There are a variety of models that coaches follow, as we'll see later on. But in general we can say that most coaching adheres to the following process
The first step will be to clarify exactly what it is you want.
This is really important. John Whitmore (1992) argues that people often start by describing what's feasible before talking about what they want, or outlining goals. This is a mistake because it limits you from the get-go. Instead of thinking of inspiring and creative goals that truly motivate you, you're likely to stop short with negative, limited goals.
Most coaches will therefore start by calibrating your values using some sort of coaching assessment. They'll probably also measure long term goals, and dreams. And they'll keep checking these along the way as you coach together, as well as prompting you to keep dreaming big.
The end goals you come up with during this process are the inspiration, Whitmore explains. They are often not under our control because there are so many overlapping systems and fields of influence that come into play. For instance, it might depend on people we work with, or the weather, or the economy. This is why we then need to create and focus on performance goals. These are steps or milestones that lead to the end goal, but are smaller and more achievable.
Even within each coaching session, there is attention paid to goals. The coaching plan you complete before talking to your coach will ask you what you'd like the session to focus on. This allows you to be purposeful in your coaching right from the start.
Coaching is about helping you get from where you are to where you want to be. Now that you know where you want to be, your coach will help you objectively assess where you are right now.
As we saw earlier, Gallwey explained how an objective point of view is critical in mastering our own inner opponent. In order to reach our goals, we need to be able to fact check our reality in an unbiased, detached manner. To help you, your coach will ask you questions that call for answers that are specific and descriptive, instead of general and judgmental.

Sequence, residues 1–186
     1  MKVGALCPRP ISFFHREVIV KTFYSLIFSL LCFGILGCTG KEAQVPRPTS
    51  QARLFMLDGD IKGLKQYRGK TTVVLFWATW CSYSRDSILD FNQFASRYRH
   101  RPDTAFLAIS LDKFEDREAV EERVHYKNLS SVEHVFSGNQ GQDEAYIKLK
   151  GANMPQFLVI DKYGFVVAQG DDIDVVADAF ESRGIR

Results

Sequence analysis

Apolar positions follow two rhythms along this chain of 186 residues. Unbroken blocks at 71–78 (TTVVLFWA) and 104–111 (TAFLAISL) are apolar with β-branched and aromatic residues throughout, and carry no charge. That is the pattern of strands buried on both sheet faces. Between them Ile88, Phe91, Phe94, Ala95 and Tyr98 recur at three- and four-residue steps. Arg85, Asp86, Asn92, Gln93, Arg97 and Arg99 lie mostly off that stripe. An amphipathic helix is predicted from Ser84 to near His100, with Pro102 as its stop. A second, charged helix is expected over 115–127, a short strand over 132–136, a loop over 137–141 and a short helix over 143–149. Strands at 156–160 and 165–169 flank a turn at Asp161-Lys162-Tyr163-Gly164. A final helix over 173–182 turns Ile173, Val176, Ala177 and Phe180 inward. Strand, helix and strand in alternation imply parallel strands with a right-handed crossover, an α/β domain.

O'Connor and Lages plot the characteristics of coaching questions on the following scale:
O'Connor and Lages' Specific-Descriptive grid
During this stage you'll look not only at external circumstances, but also your own inner processes and habits that might serve to jeopardize your progress. For instance, you might have a bad habit of perfectionism that will slow you down and perhaps even cripple your efforts of getting the first chapter of your book written. You'll need to take this into account when tackling that goal, so it's crucial you're open, objective and fact-based in your assessment of reality.
Next, you and your coach will start to review all the resources, options and courses of action at your disposal that could help you to accomplish your goals. Your coach will probably follow the rules of brainstorming here, where it's important to leave aside critical judgments (such as "I can't afford that") and just generate as many ideas as possible.
During this stage you'll want to identify your resources. According to Grant and Greene, "Resources could be personal experience, mentors, influential people in your life, teacher, books, paintings, music." Resources are where we draw our strength and inspiration. They center us and help us accomplish our goals.
After you figure out your resources and list possible courses of action, you'll want to cast a critical eye on your options to factor in costs and benefits of each possible course of action. But this won't come until after you let your creative juices flow and really let yourself think of any possibility.
The next step is that your coach will help you design a plan that will take you from where you are right now to where you want to be in the future. You'll determine the steps you need to pursue. As O'Connor and Lages state, you'll "convert a discussion into a decision."